The Scamp in Bosnia

…and now for the final post of my epic adventure. This also happens to be one of the highlights of the trip for me. The surprise favourite. A friend of mine told me that Sarajevo was perhaps the most beautiful capital city that he had ever been to, and he’s been to a lot of capital cities, so I was both curious and excited to see what surprises the city had in store for me.

Let me tell you, it did not disappoint. I had no idea what to expect when I got to Sarajevo, but the beautiful fusion of East and West in the ‘plains around the palace’ offered me a regular feast for my eyes. We  got into Bosnia a bit late in the evening, so after checking into a lovely hotel, we went to perhaps one of the best houses in the city for dinner.

The Spite House has a very interesting story. According to Atlas Obscura:

An elderly Bosnian fellow named Benderija refused to agree to the destruction of his house, even after being offered more money than the property was worth. Without the land under his house, there would be no way for the city hall to be built at the desired location, right next to the River Miljacka. Lengthy negotiations ensued between the old man and the city (with even the Austro-Hungarian Minister of Finances getting involved) until finally, in 1895, he agreed to sell his property for the extravagant price of a sackful of gold ducats, but only under one condition: the authorities would have to move his Ottoman-era house, brick by brick, and rebuild it on the other side of the river.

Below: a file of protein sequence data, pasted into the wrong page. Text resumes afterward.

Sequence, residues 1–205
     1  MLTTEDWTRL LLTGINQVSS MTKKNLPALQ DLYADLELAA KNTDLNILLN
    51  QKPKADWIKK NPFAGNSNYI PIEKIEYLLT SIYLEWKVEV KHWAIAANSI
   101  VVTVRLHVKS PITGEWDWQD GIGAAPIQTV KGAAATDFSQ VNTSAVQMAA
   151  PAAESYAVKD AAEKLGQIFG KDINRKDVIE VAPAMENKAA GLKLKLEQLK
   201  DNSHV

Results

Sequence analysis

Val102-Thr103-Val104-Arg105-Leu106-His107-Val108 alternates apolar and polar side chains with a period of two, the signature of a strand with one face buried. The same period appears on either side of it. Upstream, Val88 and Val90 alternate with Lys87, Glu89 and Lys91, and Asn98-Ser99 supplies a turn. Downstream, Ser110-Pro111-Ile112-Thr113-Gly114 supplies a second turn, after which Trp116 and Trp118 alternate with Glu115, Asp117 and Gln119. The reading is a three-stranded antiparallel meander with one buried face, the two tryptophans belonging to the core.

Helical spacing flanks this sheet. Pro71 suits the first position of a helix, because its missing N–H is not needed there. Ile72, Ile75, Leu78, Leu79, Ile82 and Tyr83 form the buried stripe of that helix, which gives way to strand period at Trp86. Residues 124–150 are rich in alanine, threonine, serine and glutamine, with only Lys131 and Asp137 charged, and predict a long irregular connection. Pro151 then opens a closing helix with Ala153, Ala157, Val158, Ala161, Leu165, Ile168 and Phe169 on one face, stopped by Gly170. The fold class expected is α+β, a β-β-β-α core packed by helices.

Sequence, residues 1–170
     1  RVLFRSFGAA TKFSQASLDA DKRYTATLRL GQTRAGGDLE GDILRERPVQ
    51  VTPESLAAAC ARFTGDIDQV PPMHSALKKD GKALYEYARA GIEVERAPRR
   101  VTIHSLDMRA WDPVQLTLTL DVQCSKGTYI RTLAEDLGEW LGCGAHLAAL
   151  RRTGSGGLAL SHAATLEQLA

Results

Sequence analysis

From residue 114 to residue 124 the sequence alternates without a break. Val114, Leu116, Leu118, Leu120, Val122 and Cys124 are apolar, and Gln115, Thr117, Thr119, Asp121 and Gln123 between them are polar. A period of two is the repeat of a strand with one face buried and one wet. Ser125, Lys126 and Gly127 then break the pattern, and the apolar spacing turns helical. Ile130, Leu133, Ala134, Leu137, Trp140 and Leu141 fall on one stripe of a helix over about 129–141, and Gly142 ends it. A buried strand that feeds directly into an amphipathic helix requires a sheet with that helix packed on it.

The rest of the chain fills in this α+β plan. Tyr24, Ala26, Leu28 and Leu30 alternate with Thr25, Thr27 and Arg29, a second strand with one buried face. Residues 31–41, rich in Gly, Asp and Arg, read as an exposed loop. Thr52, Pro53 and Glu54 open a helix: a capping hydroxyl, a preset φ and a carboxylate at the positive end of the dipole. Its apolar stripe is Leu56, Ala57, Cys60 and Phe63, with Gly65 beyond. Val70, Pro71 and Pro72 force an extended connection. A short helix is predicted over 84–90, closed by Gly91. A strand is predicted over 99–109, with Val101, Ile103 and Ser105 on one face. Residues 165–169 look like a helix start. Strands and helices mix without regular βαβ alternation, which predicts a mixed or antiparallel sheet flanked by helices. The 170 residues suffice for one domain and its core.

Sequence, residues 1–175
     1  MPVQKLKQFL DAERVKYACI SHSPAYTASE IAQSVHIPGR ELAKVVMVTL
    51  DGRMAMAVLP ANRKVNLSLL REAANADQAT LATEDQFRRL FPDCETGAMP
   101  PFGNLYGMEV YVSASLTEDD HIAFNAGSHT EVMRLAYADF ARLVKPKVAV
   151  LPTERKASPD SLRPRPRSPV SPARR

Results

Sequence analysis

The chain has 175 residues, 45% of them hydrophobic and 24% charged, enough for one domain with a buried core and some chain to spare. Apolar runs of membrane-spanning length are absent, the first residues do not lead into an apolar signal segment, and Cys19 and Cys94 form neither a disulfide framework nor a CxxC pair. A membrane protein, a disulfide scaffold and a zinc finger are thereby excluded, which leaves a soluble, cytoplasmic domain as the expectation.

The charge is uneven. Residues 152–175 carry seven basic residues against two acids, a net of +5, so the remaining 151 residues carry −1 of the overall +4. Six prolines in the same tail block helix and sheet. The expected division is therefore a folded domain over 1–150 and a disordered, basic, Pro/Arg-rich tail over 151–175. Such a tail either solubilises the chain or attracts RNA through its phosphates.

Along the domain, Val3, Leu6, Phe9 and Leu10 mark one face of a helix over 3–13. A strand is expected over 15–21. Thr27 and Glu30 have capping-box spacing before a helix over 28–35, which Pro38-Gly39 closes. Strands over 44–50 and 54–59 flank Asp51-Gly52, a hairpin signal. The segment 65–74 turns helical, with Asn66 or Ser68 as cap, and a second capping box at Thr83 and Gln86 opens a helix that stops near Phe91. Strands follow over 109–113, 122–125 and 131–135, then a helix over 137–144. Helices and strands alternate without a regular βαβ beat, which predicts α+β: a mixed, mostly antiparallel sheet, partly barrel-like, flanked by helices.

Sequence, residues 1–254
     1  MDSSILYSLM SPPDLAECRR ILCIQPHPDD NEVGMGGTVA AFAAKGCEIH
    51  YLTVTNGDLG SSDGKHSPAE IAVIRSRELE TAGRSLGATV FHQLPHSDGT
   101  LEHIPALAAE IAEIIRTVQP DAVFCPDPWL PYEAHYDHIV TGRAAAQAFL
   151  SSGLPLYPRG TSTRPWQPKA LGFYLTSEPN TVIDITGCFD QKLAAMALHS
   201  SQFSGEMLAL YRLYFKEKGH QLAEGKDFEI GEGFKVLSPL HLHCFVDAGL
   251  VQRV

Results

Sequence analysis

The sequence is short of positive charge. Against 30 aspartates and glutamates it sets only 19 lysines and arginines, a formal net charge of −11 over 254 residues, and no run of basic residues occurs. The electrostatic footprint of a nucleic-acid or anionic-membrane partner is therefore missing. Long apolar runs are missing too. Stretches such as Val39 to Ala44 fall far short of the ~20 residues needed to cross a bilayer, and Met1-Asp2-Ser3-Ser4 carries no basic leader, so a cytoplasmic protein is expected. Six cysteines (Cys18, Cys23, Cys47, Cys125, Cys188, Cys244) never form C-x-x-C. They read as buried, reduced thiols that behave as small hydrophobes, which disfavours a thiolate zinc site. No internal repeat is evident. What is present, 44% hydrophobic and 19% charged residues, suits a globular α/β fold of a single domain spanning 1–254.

Benderija got his way; in the popular account of the story, the old man spent every day of the move sitting in the middle of a nearby bridge, smoking cigarettes and carefully watching the workers transport each brick across the river. When the house was finally rebuilt, it was aptly named Inat Kuća, or the House of Spite. 

Today, this proud symbol of Bosnian stubbornness serves a more practical purpose: it was converted into a Bosnian restaurant in 1997.

The government got the last laugh though because while the man’s favorite spot used to face the river, it now faced a mountain.

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We were treated to a tour of the city by a local guide of about my age. He was full of the typical stories, and showed us the site where the 1914 assassination of Archduke Franz Ferdinand happened. It was an odd bit of history to walk over, and the unfortunately for Sarajevo, it was not the last of the struggles that happened there.

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It was interesting to see the influences of the West on side of the city, and the East on the other. There are markets that look much like I imagine the markets of Istanbul to look, and they sell Turkish coffee, Turkish delights (which are not a delight), and beautiful weavings, jewelery and tourist fluff. There are traditional bars and fancy brand name shops there as well.

We were able to take a trip outside the city to see the Sarajevo War Tunnel. Before this trip, I was pretty ignorant to the history of Bosnia, but I was aware of the war that plagued them in the early 90s. I remember seeing news reports of fighting, and hearing that bad things were happening, but I was little and did not really understand what it meant, or who was actually in the wrong. The Tunnel of Hope is just one of the examples of resistance.